This book, originally published in 1903, is the best thing I’ve found on Greek mythology or Greek attitudes to things of the spirit generally.
I forget exactly what prompted me to get it, probably favorable mention of it in some other book, but in July 2010 I got myself a used copy of the stout Meridian Books paperback published in 1955. An imposing tome of 682 pages, it sat on my shelves until just 5 months ago. At that time I had hit, as I occasionally do, a gap in my reading, and I came down to the “library” (a carpeted storeroom housing our freezer and 3 Ikea Billy bookcases) to prowl for something of interest. I finally decided to give the Prolegomena a chance.
I was immediately impressed with the author’s perceptiveness, authority, and approach. The book’s 12 chapters take one on a journey from “chthonic rituals” of “ghosts and sprites” to an extended discussion of Orphism, which occupies the last 4 chapters. And what a journey it is: I felt that all kinds of puzzles and mysteries and seeming inconsistencies of Greek mythology resolved and fell into place. The fascinating thing about this book is that it has very little to do with what I had always thought of as Greek religion, which was a religion centered on the familiar gods of Olympus. Jane Harrison occasionally mentions these gods in passing, but her interest is in all the religious phenomena that lay in the penumbra of the spotlight pointed on Olympus by Homer and other classical authors. Her interest is in tracing the development of Greek religion from its most primitive manifestations up to its most sophisticated ones. The Olympian gods formed part of that story, but only a part, and seemingly, as this author tells it, by no means the largest part.
I was already aware that ancient Greek religion had been formed by a collision between the prehistoric matriarchal system of the ancient inhabitants of the Balkan Peninsula and Crete and the patriarchal invaders who swept down from the north and east. But Harrison shows how the deepest layers of Greek religion need to be sought in the beliefs and behaviors of primitive people who fear, above all, ghosts. Much of what develops into what we call religion begins with the riddance and placation of the souls of the dead, who, when angry, vengeful, or envious, can bring terrible misfortune to those still living. Long before there is anything so definite and well characterized as a personal god, there are countless invisible sprites–the Keres of ancient Greece–who affect the human world for good and ill, and many of Greece’s famous festivals and rituals had their origins in repelling, expelling, and appeasing these ghostly figures.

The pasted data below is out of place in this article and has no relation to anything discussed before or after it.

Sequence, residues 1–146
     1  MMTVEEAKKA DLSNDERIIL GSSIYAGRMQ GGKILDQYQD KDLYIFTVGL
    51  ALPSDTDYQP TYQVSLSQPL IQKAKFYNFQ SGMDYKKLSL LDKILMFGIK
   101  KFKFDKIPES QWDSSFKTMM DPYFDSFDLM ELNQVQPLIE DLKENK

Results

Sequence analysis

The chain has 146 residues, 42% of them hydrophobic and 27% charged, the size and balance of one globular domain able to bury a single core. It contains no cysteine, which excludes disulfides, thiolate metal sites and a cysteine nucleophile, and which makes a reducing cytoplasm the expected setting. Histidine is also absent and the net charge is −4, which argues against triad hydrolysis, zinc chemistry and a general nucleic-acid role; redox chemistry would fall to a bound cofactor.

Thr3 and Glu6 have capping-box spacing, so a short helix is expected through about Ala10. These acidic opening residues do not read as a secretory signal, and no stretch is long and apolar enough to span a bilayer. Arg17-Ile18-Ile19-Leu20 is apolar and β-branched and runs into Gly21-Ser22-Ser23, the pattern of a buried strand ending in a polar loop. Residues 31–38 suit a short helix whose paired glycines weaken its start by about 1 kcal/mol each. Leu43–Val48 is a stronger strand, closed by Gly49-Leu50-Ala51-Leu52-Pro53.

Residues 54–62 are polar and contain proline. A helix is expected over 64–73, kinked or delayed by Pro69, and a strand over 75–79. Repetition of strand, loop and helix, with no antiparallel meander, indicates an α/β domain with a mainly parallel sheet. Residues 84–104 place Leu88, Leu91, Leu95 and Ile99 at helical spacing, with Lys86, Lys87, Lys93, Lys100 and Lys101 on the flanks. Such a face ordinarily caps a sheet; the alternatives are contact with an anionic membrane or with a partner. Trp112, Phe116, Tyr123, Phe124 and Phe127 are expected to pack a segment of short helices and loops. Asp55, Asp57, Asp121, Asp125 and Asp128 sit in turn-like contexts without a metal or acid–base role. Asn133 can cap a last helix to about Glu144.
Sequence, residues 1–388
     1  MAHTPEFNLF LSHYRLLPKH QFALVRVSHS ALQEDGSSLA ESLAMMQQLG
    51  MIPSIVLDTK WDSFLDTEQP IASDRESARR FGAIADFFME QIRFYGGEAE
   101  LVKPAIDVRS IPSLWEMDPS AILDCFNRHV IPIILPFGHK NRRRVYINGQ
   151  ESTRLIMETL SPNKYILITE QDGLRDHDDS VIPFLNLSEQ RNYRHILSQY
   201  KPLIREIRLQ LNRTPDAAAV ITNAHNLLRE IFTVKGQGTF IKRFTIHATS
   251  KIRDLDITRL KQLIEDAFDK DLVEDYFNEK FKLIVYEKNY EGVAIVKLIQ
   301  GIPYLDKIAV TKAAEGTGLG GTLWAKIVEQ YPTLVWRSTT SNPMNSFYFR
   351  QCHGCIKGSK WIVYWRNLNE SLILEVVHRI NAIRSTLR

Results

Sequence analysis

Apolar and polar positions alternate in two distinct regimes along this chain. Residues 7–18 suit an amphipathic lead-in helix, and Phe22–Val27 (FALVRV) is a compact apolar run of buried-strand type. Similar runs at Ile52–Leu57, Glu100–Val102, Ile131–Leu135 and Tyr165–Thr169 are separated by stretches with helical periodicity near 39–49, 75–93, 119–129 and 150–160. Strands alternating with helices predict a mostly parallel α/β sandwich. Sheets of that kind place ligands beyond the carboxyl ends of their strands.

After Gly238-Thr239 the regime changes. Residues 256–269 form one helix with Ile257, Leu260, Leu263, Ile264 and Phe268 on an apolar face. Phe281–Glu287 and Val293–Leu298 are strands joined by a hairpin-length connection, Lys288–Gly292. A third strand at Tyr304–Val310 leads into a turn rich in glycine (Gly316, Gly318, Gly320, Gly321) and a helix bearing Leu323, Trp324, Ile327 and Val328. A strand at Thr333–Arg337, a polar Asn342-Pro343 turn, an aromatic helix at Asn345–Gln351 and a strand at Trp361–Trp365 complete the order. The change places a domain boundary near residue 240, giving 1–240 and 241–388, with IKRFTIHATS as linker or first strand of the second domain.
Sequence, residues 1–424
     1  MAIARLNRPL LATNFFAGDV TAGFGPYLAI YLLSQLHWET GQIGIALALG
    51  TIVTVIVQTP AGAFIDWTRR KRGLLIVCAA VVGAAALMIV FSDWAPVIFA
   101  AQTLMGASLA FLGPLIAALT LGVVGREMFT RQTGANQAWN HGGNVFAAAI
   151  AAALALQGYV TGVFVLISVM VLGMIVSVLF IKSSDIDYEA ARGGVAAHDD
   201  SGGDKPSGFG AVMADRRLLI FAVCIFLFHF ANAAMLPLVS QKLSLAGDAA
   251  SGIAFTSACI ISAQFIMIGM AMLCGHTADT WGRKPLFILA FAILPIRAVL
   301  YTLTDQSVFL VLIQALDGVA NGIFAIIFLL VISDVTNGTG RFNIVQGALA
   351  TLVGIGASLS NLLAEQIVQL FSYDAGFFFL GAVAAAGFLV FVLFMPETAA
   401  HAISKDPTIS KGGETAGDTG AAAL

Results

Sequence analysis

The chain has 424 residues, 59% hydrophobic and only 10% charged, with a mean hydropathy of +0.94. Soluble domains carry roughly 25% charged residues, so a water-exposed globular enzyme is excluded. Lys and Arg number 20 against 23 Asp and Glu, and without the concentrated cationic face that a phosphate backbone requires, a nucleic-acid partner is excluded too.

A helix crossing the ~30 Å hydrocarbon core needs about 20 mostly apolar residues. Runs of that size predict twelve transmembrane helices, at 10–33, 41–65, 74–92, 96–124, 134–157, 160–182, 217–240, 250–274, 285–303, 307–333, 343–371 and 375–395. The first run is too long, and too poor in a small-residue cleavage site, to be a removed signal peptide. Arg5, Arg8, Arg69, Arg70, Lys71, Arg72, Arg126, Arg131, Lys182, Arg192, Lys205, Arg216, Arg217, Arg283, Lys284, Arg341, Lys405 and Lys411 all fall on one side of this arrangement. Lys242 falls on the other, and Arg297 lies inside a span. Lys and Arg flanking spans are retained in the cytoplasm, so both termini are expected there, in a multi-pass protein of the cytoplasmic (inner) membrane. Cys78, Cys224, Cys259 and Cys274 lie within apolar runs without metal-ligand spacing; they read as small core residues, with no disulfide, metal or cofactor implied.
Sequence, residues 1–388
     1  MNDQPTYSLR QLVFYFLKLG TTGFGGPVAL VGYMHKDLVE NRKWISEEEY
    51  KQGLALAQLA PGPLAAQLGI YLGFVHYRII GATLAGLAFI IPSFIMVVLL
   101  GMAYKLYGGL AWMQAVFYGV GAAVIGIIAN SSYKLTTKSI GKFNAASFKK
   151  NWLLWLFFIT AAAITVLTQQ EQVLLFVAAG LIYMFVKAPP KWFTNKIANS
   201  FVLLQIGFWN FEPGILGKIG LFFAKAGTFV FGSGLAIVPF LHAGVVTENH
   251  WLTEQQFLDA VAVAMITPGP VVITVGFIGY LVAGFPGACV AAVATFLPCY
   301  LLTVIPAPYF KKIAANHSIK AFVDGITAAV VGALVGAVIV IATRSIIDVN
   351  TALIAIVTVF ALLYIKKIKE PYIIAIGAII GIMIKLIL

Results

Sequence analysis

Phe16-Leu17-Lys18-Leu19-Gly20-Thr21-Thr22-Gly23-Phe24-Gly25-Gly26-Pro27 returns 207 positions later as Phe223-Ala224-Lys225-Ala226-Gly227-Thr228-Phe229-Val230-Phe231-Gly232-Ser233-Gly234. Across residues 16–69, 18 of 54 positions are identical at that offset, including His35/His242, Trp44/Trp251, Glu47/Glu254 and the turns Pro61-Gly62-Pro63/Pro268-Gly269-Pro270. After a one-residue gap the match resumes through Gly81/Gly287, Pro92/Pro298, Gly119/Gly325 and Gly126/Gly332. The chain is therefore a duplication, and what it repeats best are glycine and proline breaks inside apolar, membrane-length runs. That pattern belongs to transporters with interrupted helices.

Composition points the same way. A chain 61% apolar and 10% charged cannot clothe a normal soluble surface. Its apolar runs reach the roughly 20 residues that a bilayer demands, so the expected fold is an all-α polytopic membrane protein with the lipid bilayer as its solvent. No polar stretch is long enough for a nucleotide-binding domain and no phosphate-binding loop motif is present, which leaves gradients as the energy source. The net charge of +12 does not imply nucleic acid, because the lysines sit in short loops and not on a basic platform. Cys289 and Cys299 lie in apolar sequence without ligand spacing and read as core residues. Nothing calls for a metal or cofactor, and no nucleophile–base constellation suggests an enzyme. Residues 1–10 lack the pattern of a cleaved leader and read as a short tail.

Harrison shows how goddesses and gods eventually emerged from these primitive spirits, and how these gods eventually became clearly distinguished and named–even if with a number of different names. And she shows how these two eventually gave way to a higher, more mystical kind of religious experience and practice that gained the name Orphism. Some investigators have believed that Orpheus was a god, but Harrison dismisses this view. To her it’s clear that Orpheus was a man, a revealer and reformer who created a mystical new religion inspired by the worship of Dionysos and injecting new esoteric meaning into primitive rites.
Much of the author’s argument is based on the interpretation of ancient Greek art: vases, bowls, funerary monuments. The book is richly illustrated with black-and-white reproductions of these, and Harrison’s depth of knowledge of these artifacts is most impressive. She knows what she’s talking about.
The prose itself is very readable. Harrison writes with passion and admiration, even as she does not hesitate to criticize and pass judgment on ancient practices and authors when they reveal signs of savagery or confusion. She is quick and punctilious to acknowledge the work of other scholars, but unafraid of noting when she disagrees with them or rejects their ideas. She is also well versed in the ancient authors and treats them in much the same way; she relies on them, but is aware of their personal shortcomings. There are a couple of interesting footnotes too in which she admits that some theory of her own, already appearing earlier in the book, is in error! Read carefully.
In all, a thoroughly excellent book. If you’re new to ancient Greek mythology and religion, then you probably should not start here. Acquaint yourself with the Greek myths and festivals, and then reach for this book. You start to see how all those various strange myths start to make sense; they are expressions of a few guiding principles that underlie their formation.
For us in the West, Greek mythology is the mythology; when we talk about “myths,” often we mean Greek myths. Our culture is shot through with them; our modern stories are based on them and are filled with allusions to their events. For example, I’m currently reading The Golden Compass by Philip Pullman, published in 1995, and I suddenly realized that some of the action was based on the Oedipus myth. But those myths are the tip of an iceberg, and to appreciate them fully one should have a sense of the shape and depth of the berg that lies below the waterline. Jane Harrison’s book examines the underwater part of that iceberg, and it’s illuminating indeed.